Cassidese Glossary – The Bee’s Knees

For some time now, some of my on-line friends have advised me to provide a version of CassidySlangScam without the invective aimed at Cassidy and his supporters. In response to that advice, I am working on providing a glossary of the terms in Cassidy’s ludicrous book How The Irish Invented Slang with a short, simple and business-like explanation of why Cassidy’s version is wrong.

I had assumed that ‘the business’ for something great or outstanding was the original and that ‘the bee’s knees’ was a jocular version of this. Apparently, this is not the case. It seems that the bee’s knees came first and that this was then reinterpreted as ‘the business’. You live and learn. For example, the OED website has this:


The phrase was first recorded in the late 18th century, when it was used to mean ‘something very small and insignificant’. Its current meaning dates from the 1920s, at which time a whole collection of American slang expressions were coined with the meaning ‘an outstanding person or thing’. Examples included the flea’s eyebrows, the canary’s tusks, and one that still survives – the cat’s whiskers. The switch in meaning for the bee’s knees  probably emerged because it was so similar in structure and pattern to these other phrases.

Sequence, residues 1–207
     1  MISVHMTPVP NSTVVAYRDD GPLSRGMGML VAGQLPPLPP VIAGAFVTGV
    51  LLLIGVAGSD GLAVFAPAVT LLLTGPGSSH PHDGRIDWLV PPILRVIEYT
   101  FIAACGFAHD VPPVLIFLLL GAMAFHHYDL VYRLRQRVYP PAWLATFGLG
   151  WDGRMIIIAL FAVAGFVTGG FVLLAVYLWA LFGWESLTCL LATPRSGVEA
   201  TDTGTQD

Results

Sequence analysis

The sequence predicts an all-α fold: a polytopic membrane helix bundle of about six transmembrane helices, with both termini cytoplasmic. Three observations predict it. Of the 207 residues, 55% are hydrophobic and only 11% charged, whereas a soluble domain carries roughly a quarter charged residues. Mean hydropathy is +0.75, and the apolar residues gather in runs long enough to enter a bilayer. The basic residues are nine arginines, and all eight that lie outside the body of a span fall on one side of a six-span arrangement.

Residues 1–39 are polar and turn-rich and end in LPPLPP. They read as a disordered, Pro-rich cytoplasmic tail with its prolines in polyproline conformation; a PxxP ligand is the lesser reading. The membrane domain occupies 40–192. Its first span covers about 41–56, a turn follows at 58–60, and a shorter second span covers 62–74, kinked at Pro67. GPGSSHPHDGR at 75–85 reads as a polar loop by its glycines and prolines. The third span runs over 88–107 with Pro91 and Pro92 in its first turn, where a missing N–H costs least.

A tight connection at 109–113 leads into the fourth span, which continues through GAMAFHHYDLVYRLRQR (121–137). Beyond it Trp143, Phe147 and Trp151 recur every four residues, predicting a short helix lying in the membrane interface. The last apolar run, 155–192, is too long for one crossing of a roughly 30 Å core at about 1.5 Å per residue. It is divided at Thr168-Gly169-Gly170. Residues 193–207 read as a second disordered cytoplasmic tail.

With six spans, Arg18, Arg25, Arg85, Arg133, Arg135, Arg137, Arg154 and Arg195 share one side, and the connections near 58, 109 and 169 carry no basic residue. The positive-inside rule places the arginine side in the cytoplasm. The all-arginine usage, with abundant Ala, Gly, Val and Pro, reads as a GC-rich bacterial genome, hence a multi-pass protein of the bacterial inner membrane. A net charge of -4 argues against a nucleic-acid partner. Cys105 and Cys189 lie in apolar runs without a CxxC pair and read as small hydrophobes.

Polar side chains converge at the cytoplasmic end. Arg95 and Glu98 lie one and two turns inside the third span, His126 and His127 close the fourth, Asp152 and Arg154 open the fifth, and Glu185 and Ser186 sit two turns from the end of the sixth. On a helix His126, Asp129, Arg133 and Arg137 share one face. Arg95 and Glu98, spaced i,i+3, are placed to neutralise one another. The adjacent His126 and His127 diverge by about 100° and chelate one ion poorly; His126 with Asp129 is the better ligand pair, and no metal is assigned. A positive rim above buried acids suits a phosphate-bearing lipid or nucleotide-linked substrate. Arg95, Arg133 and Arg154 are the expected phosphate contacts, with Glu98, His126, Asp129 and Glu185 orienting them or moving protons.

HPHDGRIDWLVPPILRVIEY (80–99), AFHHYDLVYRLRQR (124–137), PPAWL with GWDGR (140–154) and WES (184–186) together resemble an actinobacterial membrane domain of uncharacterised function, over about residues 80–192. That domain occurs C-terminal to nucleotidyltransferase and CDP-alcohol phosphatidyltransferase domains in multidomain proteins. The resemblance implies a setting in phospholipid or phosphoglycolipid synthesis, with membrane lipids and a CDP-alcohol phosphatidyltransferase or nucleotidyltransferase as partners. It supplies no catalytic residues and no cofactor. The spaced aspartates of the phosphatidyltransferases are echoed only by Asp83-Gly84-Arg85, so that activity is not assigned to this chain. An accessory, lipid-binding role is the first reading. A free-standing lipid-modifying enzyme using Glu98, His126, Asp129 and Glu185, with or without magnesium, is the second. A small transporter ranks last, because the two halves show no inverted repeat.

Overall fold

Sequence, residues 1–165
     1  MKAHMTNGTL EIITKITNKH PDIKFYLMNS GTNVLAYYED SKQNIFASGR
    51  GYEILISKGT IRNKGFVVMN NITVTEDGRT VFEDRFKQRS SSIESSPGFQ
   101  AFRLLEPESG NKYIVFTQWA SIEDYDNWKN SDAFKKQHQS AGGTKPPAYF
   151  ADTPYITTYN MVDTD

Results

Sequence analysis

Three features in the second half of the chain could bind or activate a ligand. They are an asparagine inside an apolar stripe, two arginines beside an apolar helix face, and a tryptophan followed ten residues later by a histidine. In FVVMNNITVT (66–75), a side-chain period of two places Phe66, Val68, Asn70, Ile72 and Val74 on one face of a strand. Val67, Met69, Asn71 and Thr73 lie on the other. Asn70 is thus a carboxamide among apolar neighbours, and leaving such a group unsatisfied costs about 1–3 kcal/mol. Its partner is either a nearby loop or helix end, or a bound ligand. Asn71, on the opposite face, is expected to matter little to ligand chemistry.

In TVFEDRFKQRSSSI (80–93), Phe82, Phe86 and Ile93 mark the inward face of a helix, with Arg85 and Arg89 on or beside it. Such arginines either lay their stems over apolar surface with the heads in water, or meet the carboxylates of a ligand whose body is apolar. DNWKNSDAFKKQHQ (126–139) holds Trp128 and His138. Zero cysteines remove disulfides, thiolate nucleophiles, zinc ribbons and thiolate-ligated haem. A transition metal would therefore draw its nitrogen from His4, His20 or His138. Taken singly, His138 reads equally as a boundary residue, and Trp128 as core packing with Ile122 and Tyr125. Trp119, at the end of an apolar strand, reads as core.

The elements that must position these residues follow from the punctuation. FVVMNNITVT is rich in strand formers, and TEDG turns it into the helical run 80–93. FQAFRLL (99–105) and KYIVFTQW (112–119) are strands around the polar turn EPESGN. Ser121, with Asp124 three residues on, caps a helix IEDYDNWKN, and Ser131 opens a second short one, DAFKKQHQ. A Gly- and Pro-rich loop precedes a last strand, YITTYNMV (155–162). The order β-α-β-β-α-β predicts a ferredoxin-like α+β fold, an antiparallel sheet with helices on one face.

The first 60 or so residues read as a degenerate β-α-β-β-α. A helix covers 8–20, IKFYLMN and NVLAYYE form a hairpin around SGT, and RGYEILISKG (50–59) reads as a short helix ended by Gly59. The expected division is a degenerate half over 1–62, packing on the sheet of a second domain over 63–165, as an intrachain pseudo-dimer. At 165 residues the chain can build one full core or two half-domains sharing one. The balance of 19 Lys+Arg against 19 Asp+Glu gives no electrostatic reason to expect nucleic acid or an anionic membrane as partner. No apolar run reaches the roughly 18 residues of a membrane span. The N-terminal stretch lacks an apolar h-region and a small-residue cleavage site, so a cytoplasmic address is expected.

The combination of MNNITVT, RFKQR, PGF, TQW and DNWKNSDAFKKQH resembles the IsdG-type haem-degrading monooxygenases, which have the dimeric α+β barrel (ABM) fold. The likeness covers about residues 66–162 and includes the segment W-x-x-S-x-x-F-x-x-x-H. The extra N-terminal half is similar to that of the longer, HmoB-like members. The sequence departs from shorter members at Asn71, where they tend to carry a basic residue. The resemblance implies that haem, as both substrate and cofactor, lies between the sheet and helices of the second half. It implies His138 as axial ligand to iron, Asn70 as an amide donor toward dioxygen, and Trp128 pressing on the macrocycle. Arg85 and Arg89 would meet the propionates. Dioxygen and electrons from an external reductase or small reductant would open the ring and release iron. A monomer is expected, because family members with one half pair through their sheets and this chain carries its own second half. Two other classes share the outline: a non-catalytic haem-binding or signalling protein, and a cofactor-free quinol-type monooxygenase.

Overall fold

Cassidy’s claim is that this comes from the ‘Irish’ phrase an béas nuíosach, which he claims means:

Béas núíosach (pron. bæs núísǝċ, bæs núísǝh), fresh new style, novel manner; fig. the new thing.

Of course, this is not a real Irish phrase and invented phrases do not have figurative meanings. Try putting it in inverted commas and searching for it in any Irish dictionary, corpus, database, or indeed on Google itself. The only references you will find to it are in connection with Cassidy and his book. Note also the peculiar ‘system’ of transcription invented by Cassidy, using bits of outmoded Irish orthography (ċ), current Irish orthography (í), and the IPA (æ, ǝ).

Incidentally, go to the online Irish dictionary here to find out how you say ‘the bee’s knees’ in REAL Irish:’s+knees



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